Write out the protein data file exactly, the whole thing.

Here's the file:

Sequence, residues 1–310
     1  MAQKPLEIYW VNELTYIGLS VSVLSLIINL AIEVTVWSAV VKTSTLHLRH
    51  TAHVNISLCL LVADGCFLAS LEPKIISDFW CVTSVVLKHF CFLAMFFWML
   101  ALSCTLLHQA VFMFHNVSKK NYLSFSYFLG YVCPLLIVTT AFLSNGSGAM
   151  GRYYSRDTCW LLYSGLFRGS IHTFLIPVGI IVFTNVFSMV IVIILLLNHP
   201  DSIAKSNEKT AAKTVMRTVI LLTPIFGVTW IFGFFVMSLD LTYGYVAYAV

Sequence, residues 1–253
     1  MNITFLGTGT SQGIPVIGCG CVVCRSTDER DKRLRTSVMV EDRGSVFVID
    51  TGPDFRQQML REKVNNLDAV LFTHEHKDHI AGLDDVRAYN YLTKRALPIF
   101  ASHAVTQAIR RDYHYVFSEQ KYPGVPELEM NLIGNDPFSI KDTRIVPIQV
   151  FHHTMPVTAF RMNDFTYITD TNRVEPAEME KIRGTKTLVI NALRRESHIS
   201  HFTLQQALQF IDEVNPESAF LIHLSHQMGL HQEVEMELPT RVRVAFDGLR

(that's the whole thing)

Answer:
Sequence, residues 1–310
     1  MAQKPLEIYW VNELTYIGLS VSVLSLIINL AIEVTVWSAV VKTSTLHLRH
    51  TAHVNISLCL LVADGCFLAS LEPKIISDFW CVTSVVLKHF CFLAMFFWML
   101  ALSCTLLHQA VFMFHNVSKK NYLSFSYFLG YVCPLLIVTT AFLSNGSGAM
   151  GRYYSRDTCW LLYSGLFRGS IHTFLIPVGI IVFTNVFSMV IVIILLLNHP
   201  DSIAKSNEKT AAKTVMRTVI LLTPIFGVTW IFGFFVMSLD LTYGYVAYAV

Sequence, residues 1–253
     1  MNITFLGTGT SQGIPVIGCG CVVCRSTDER DKRLRTSVMV EDRGSVFVID
    51  TGPDFRQQML REKVNNLDAV LFTHEHKDHI AGLDDVRAYN YLTKRALPIF
   101  ASHAVTQAIR RDYHYVFSEQ KYPGVPELEM NLIGNDPFSI KDTRIVPIQV
   151  FHHTMPVTAF RMNDFTYITD TNRVEPAEME KIRGTKTLVI NALRRESHIS
   201  HFTLQQALQF IDEVNPESAF LIHLSHQMGL HQEVEMELPT RVRVAFDGLR